Occasionally, life provides a moment when two people take to the dance floor; it's just another dance for them, but this time, this dance, they reveal who they are. On Sunday, Jeff Gordon won the Aaron's 499 at Talladega Superspeedway and passed Dale Earnhardt in NASCAR Nextel Cup Series wins with a total of 77.
Talladega can be found in Talladega County, state of Alabama, about 50 miles east of Birmingham. Besides 15,000 Talladegites, the city is home to the Talladega-Texaco Walk of Fame, which, according to its website, is "a beautiful landscaped park that covers one full city block...open 365 days a year with free admission." Lee De Forest, inventor of the vacuum tube, lived there for awhile when he was a kid. Talladega College invites you to apply. And that's about it, except for Talladega Superspeedway, 12 miles north of town.
Built in 1969, the facility is a 2.66-mile tri-oval with 18-degree banking on the front stretch, 33-degree banking in the turns, and seats for 145,000 fans. Figure 185,000 on race day. It is the biggest, fastest track on the circuit and the place Dale Earnhardt Senior won ten NASCAR Cup races. Home ground.
So, on Sunday, fans greeted Gordon's victory (under caution), with what cranks might call, "subdued appreciation." They pelted Gordon's car with beer cans.
There had been trouble the previous week at Phoenix International Raceway. Gordon won there, too. He took a victory lap holding a replica of Dale Earnhardt Senior's black No. 3 flag out the car's window. Gordon had tied Earnhardt's record and was showing respect. But, fans weren't having any. Beer cans swarmed his car.
Showing the kind of class you have to be born with, Dale Earnhardt Jr. acknowledged Gordon's gesture, lauded it, and then asked everyone not to throw beer cans. Instead, he suggested they throw rolls of toilet paper. You have to admire a man who thinks like that.
But, next Sunday, when Gordon won and passed Daddy Earnhardt in victories -- at Talladega, no less -- fans threw beer cans that caused Gordon to go onto the dance floor and reveal who he is. "I thought Junior had more power," Gordon said. "I thought they'd throw toilet paper, which is what he asked them to throw. I saw, maybe, one roll."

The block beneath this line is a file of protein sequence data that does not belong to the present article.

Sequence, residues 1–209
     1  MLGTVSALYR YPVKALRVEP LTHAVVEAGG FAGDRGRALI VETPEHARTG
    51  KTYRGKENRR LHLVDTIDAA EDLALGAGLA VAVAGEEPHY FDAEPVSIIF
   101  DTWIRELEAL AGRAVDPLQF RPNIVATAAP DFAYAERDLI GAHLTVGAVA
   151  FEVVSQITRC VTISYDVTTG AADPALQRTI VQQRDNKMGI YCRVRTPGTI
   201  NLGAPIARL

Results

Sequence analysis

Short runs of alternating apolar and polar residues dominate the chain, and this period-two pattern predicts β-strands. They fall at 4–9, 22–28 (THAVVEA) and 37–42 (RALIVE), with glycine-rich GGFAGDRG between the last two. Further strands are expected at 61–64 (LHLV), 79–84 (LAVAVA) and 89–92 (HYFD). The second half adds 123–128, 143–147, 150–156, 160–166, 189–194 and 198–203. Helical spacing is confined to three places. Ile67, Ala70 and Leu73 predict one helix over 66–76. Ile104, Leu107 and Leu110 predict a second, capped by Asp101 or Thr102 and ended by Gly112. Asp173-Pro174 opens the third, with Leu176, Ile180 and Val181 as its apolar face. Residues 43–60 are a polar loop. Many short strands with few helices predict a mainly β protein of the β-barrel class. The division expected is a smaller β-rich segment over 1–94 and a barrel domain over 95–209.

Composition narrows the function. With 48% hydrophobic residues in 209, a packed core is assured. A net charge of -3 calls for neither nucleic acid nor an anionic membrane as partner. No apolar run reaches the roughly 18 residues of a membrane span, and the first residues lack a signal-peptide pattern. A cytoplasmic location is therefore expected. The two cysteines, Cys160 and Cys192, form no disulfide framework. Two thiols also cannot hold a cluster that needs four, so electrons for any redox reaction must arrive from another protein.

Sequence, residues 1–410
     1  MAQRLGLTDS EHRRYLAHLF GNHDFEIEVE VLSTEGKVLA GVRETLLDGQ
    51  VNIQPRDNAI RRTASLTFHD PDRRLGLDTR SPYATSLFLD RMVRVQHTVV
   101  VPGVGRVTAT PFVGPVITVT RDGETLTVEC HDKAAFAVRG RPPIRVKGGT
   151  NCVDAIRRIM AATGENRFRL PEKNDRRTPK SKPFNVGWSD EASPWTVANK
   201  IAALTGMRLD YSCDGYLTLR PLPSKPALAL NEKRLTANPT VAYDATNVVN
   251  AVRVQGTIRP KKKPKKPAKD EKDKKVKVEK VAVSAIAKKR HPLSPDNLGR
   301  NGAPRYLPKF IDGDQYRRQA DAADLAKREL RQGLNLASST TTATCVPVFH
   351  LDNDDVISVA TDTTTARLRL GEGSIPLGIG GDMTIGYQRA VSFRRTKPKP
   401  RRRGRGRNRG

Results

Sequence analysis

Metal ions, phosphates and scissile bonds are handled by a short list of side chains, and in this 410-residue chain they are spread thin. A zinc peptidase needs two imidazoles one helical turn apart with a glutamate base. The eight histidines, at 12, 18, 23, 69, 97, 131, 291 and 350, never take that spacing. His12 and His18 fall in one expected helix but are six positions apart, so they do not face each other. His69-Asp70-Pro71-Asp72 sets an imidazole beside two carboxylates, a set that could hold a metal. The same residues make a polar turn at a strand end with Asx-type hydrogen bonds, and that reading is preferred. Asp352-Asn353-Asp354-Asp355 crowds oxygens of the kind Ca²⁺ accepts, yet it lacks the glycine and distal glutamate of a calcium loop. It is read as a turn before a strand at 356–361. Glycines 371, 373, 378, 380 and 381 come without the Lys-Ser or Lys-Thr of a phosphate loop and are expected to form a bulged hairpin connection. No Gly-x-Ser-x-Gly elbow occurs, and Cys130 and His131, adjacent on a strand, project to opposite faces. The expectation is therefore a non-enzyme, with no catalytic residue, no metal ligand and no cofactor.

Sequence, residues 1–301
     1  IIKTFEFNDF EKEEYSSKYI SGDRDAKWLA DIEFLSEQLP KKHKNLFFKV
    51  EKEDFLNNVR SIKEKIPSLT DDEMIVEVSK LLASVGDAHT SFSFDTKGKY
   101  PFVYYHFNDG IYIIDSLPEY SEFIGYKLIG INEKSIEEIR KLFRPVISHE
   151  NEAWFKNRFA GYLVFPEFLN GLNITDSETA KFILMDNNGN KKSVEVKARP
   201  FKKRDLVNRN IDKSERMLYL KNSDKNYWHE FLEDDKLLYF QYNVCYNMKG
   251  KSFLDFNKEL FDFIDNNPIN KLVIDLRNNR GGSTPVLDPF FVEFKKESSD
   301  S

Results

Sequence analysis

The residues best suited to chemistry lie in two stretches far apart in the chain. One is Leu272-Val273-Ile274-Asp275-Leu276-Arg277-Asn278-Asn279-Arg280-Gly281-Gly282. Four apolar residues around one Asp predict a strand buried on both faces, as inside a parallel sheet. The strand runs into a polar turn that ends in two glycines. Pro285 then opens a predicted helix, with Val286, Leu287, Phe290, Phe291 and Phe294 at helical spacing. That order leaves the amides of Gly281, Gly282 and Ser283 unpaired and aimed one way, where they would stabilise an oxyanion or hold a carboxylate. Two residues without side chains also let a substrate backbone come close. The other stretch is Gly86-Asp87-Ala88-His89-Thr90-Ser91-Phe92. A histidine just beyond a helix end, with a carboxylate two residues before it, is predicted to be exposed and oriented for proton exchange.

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This story has moved into farce, which means I can finally enjoy it. Turns out Barry Bonds is having a very good year. Through May 1, he's batting .356 with 8 home runs. This makes him 13 home runs shy of Henry Aaron's record of 755.
No one able to open a refrigerator door believes Barry Bonds is clean. You might or might not care if he used steroids, but you know that he did. It is cheating, by the way. Without steroids, Bonds would be 100 to 150 home runs short of Aaron's record.
But, the man -- either by luck, skill, or more likely a combination thereof -- has played an epic cops-and-robbers game. Consider what he's gone through:
September 2003. Many kinds of cops raid BALCO Laboratories and the home of Bonds's personal trainer, Greg Anderson. The San Francisco Chronicle reports they seized documents that said Bonds was using steroids.
So, authorities have known about this for almost four years. You might remember it was a big deal back then, a crime so serious that the president of the United States talked about steroids during his 2004 State of the Union address.
Understanding the gravity of the crisis, federal prosecutors decided not to go after the super rich, super famous baseball stars who were using steroids, but to go after the criminal enterprise itself.
And, wouldn't you know, they got their men! Better, they got them without the muss and fuss of a trial and all the bulky evidence trials produce. Plea bargains were agreed to, and justice was metered out. BALCO vice president James Valent got probation. Steroids connect and Bonds's personal trainer, Greg Anderson, was sent to prison for three months! The kingpin, the grand evildoer, BALCO president Victor Conte, received a four-month prison sentence, and, in an act many thought was pure vengeance, got another four months in home confinement! Plus, Conte and Anderson are banned from owning firearms!
That about sums it up. Another victory for federal prosecutors. What's for lunch?
Then Beyond the Shadows was published in the spring of 2006. There is no way you can read that book and not be convinced that Bonds was using steroids. Much hub and bub ensues. Bonds, in his best move, sits out most of the 2006 season. Things quiet down, everybody goes back to sleep.
Now, Bonds is back, batting .356 and six weeks away from owning the most prestigious record in sports. I'm inclined to root for him. In fact, in a perfect world he would be indicted the day after he passes Aaron. While on steroids.